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WaPo on Wages

A headline in the Washington Post today reads:

Well-Paid Benefit Most As Economy Flourishes

Naturally, one is reminded of the old media-bias joke: “World Ends: Women, Minorities Hardest Hit.” But if you look beyond the headline, this article contains a lot of interesting information about wages. Critics of the administration have pointed to slow median wage growth to back up their assertion that Bush’s economic policies have rigged the game in favor of the wealthy. So let’s set aside the fact that the unemployment rate is at record lows and look at what the WaPo article has to say about wages: Turns out, slower wage growth at the lower end of the economic spectrum is mostly the result of rapid advancements in technology:

Such innovations help explain why, from 2003 to 2005, the average wage for people in the lowest pay bracket, with salaries around $20,000, rose only 5.4 percent in the Washington region — not enough to keep up with rising prices. For the jobs that pay around $60,000, salaries rose 12.4 percent, well ahead of the 6.8 percent inflation in that period.
Those numbers come from a Post analysis of federal data collected from employers. The disparity exists throughout the nation, but the gap between high- and low-paid workers is widening faster in Washington than in the country as a whole.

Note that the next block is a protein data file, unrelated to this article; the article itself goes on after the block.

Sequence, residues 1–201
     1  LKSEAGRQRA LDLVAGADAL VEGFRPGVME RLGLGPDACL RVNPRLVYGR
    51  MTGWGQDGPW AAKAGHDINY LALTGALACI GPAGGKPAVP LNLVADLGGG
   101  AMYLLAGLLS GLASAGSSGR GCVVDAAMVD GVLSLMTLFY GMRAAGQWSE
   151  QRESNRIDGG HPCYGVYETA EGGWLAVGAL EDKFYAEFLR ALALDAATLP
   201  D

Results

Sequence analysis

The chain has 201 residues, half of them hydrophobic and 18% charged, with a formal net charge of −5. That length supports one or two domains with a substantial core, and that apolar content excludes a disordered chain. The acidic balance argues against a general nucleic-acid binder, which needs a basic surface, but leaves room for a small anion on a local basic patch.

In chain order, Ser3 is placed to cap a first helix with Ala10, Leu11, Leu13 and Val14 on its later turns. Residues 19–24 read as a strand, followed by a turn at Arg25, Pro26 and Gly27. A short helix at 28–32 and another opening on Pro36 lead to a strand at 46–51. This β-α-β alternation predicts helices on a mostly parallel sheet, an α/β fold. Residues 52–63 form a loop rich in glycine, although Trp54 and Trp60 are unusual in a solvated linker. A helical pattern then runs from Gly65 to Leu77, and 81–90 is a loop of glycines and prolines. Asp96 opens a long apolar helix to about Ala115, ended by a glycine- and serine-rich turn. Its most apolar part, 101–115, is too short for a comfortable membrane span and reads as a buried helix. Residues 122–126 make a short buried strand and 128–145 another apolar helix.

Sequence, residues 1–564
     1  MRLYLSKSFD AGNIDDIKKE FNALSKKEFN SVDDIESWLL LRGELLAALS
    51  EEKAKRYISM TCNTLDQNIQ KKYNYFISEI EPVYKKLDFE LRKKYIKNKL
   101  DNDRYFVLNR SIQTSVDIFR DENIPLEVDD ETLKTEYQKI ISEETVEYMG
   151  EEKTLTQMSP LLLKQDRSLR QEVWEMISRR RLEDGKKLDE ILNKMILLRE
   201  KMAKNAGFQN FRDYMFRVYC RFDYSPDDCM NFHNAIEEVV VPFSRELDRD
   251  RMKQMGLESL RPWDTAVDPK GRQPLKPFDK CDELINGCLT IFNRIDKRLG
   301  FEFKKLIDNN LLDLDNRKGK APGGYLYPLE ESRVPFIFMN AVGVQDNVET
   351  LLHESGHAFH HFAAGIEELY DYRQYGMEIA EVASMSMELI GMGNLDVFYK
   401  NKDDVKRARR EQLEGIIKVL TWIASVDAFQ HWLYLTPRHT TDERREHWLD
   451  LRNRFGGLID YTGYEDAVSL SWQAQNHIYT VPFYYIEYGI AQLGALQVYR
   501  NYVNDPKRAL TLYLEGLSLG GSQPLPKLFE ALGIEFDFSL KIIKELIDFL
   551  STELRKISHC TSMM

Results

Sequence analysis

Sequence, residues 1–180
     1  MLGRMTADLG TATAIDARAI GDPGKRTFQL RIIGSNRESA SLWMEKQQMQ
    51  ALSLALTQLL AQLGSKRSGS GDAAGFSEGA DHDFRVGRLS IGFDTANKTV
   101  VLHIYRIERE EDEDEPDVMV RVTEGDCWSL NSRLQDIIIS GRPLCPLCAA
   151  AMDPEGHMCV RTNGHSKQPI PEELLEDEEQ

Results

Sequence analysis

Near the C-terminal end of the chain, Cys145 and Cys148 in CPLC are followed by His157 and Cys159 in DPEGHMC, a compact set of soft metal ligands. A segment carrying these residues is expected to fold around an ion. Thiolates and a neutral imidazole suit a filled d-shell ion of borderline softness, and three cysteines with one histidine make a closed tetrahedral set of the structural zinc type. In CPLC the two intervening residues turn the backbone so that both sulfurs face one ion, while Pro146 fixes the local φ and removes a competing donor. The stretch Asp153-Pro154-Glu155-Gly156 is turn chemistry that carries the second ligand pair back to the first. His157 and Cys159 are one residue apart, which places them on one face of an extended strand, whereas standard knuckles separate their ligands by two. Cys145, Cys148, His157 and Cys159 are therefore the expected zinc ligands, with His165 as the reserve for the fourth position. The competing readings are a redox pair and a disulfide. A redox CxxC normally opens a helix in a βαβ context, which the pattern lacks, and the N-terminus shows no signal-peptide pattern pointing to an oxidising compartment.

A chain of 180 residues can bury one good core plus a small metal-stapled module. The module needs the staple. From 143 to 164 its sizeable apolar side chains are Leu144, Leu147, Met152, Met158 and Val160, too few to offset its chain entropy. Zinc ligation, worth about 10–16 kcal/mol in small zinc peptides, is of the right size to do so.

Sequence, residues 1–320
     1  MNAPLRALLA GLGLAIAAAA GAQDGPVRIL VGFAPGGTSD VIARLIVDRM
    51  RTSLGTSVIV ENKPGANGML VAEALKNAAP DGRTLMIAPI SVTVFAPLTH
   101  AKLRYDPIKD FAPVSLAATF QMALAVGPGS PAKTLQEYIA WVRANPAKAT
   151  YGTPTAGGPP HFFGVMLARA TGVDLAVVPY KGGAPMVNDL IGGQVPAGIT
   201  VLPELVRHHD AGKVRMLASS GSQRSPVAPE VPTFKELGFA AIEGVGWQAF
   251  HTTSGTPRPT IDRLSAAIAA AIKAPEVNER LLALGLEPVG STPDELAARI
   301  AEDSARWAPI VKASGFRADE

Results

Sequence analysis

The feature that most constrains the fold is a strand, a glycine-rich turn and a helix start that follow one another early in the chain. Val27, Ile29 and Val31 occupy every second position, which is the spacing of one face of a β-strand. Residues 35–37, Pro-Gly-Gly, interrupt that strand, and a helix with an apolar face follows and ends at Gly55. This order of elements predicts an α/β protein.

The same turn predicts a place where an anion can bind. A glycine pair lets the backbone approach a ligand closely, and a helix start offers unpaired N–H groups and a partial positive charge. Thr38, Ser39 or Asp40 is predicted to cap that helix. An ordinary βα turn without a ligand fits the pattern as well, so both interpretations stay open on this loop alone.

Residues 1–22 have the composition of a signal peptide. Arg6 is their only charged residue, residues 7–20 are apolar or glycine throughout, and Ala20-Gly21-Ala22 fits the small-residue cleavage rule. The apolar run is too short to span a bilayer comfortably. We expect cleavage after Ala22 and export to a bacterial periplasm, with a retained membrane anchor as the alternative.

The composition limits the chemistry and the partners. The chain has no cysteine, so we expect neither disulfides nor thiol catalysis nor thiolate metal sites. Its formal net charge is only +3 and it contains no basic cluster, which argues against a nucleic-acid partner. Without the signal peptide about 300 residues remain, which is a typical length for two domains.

“I’m not the kind of person to say I’m not getting paid enough,” said Kamal Quarles, 27, of Oxon Hill, who handles packages for a large shipping company — a function that is rapidly becoming automated. He said he is earning 4 percent more than he did when he started four years ago. “The reality is my pay isn’t rising, but everything else is.”

And in response to market demand for high-skilled workers, people like Quarles are taking the steps they need to get a higher-paying job:

Quarles, the shipping clerk frustrated by puny raises, isn’t waiting for the economics to change. Foreseeing that package handling would grow only more automated, he enrolled in college. He just graduated and plans to look for a job with more promise.

The economy has always had to adjust to technological advancement, and this economy is no different.


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